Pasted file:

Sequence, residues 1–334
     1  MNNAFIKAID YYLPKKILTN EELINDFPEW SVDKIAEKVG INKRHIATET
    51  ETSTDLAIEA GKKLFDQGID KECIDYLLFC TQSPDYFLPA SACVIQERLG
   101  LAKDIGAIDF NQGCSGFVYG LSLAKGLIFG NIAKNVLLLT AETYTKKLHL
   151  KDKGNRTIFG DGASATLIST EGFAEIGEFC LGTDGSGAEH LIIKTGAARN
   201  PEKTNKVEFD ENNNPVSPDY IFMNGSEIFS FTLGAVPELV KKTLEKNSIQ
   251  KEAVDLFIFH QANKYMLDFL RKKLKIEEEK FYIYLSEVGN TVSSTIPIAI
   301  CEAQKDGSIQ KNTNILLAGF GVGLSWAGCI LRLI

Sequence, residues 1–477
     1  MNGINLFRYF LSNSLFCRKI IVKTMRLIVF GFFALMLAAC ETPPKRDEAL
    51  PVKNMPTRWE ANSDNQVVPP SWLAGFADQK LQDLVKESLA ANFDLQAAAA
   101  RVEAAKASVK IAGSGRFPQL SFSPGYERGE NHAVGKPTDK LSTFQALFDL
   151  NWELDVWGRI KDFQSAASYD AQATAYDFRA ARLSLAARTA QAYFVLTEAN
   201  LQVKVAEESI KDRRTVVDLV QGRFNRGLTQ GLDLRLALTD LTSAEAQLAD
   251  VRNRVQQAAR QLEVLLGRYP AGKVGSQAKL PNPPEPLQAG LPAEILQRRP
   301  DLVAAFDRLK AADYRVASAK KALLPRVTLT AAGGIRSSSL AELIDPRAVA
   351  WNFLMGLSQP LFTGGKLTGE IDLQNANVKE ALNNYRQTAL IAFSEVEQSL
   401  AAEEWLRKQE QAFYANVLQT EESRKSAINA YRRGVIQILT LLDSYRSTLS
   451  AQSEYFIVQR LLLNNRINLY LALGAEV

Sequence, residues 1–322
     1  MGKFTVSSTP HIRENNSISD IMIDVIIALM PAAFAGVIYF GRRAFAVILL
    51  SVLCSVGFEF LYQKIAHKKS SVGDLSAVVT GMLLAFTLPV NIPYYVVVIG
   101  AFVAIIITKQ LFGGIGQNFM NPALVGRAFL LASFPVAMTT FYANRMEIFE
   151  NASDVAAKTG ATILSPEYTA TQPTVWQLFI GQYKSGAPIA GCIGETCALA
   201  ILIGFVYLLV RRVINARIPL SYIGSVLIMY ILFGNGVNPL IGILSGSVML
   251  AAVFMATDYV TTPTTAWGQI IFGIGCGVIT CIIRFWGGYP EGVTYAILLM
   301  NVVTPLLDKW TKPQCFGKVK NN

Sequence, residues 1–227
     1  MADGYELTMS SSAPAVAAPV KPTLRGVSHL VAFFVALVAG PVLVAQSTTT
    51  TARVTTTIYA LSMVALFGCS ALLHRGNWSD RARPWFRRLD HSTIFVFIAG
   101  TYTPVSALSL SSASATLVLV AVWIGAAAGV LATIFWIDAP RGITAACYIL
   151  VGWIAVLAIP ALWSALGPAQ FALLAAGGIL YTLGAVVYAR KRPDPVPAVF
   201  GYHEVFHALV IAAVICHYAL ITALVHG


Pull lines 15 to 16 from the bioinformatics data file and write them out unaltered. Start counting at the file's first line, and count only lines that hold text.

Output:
   251  VRNRVQQAAR QLEVLLGRYP AGKVGSQAKL PNPPEPLQAG LPAEILQRRP
   301  DLVAAFDRLK AADYRVASAK KALLPRVTLT AAGGIRSSSL AELIDPRAVA